This year we commemorate the 150th anniversary of the beginning of the Civil War. It was one of the great tragedies in American history -- brother set against brother. More than 600,000 Americans were killed.
But looked at in the longer perspective of history, the Civil War was a necessary moral corrective to help abolish the naked evil of slavery.
Of course, for at least 100 years after the war, America’s record on race relations and civil rights was, at best, checkered. But over the last 40 to 50 years, we’ve seen extraordinary progress in racial reconciliation.
I just had a great illustration of this on Easter weekend during a prison visit in Alabama. It was one of the great weekends of my ministry, because I saw God’s vision for Prison Fellowship in a new and exciting light. What is happening in the prisons of that state is extraordinary.
On Saturday night of Easter weekend, we had a dinner for our supporters in the Birmingham area down the road from the jail where Martin Luther King, Jr., penned his famous Letter from a Birmingham Jail, one of the great documents of the 20th century -- and one of the great Christians works on justice ever written.
So, just a few miles from where that letter was written, 200 of us gathered, all committed to the vision of taking the Gospel to the least of these in our society. As I stood at the podium to give the main address that night, I was struck by the realization that half the crowd was black and half was white -- but they were one in Christ.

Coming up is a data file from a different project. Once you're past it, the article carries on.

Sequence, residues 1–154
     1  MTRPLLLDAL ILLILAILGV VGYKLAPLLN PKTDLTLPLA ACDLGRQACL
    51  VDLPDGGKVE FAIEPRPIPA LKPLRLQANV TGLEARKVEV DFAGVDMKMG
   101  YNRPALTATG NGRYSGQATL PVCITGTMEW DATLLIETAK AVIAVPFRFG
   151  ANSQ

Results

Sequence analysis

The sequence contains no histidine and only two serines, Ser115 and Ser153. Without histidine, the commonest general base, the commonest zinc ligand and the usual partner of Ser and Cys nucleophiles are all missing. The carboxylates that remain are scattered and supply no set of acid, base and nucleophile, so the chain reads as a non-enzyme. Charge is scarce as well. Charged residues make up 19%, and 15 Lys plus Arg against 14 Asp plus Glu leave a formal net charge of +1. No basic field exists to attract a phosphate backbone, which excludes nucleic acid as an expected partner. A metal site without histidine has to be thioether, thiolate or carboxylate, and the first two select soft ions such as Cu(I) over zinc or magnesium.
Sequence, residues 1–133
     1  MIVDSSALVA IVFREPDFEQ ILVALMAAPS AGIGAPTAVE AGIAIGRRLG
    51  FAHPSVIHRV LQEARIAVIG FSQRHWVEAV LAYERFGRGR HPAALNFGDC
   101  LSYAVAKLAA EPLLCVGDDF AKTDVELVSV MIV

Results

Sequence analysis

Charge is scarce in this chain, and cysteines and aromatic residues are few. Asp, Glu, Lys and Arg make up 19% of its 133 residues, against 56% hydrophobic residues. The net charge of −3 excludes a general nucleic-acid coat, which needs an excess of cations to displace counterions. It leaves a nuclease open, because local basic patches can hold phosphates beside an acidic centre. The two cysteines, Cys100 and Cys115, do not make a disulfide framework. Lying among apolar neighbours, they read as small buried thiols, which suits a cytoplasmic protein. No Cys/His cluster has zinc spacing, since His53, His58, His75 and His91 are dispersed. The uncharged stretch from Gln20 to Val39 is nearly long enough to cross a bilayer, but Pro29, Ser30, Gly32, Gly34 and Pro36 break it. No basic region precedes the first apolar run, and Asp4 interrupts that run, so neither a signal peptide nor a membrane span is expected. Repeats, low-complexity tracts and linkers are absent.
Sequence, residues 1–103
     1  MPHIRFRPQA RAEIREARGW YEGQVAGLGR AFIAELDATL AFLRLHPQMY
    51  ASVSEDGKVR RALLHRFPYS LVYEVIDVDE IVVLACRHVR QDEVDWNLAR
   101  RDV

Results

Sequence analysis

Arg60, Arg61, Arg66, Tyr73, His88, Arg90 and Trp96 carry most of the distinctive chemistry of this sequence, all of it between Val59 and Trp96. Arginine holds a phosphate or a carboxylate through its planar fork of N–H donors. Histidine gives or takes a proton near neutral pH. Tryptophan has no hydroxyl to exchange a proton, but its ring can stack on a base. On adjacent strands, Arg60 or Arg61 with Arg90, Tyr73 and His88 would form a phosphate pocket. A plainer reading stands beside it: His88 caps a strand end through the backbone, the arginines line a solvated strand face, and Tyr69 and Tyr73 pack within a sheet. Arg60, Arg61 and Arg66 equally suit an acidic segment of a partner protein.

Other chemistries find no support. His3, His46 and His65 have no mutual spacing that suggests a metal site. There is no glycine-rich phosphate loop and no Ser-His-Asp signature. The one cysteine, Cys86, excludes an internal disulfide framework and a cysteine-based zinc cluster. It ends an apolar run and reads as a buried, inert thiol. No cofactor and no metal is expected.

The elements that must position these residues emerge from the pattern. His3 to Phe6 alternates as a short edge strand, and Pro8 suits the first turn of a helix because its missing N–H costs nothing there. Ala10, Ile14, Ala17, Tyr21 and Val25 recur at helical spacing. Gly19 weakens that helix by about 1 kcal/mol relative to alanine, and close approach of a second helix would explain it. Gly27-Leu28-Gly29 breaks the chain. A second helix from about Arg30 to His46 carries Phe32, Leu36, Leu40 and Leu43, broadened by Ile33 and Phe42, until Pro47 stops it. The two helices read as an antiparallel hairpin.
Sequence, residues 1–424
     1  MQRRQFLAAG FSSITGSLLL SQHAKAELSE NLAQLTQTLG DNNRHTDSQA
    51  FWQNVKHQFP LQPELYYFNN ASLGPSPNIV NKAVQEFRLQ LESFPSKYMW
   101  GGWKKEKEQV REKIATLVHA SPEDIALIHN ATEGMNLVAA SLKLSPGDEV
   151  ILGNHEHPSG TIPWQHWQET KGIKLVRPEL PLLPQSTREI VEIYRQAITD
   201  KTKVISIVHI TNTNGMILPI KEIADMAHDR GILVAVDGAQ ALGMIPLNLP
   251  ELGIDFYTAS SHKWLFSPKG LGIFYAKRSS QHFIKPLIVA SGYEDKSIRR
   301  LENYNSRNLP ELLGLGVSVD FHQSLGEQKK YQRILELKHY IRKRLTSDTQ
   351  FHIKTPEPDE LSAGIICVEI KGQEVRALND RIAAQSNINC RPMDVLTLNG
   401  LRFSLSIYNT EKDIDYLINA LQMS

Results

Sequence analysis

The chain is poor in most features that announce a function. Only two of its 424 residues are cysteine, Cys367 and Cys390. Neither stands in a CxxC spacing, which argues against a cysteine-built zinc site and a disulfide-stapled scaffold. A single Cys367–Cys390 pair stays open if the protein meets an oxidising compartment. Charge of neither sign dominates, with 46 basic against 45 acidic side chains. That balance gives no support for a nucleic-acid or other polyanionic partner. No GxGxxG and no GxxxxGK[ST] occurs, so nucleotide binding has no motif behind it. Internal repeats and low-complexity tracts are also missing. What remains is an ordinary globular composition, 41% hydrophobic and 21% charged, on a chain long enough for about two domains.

I looked at the front row and there, smiling, was Deborah McBride Daniels, Prison Fellowship’s Area Director for Alabama. Deborah, who is black, is a former crack addict and an ex-prisoner -- and now one of our best area directors. You can read her amazing testimony at PrisonFellowship.org.
Two tables away sat Drayton Nabors, a strong Christian layman, and former Chief Justice of the Alabama Supreme Court. Drayton, who is white, is one of the most influential men in the state.
I cannot tell you how moved I was by seeing Deborah Daniels and former Justice Drayton Nabors, working together to bring hope to the most marginalized people in our society, doing it across racial barriers, economic barriers, educational barriers -- across all things that divide us into categories in America.
And on Easter Sunday morning in prison, I saw Deborah and Drayton greet one another with a warm embrace in front of all those inmates. Think about the message that this was to the inmates on Resurrection Sunday. Christ on the cross took away the sins of the world and reconciled us to God and to one another. There is hope.
That’s why I came away from that weekend renewed in my conviction that Prison Fellowship is God’s movement, and that God is accomplishing far more than just evangelizing prisoners. We are seeing a powerful demonstration of how the Gospel and only the Gospel can heal a fractured and divided society.
So as you commemorate the 150th anniversary of the Civil War, don’t miss the fact that God is in the business of healing the wounds of division. For that we give Him all the praise.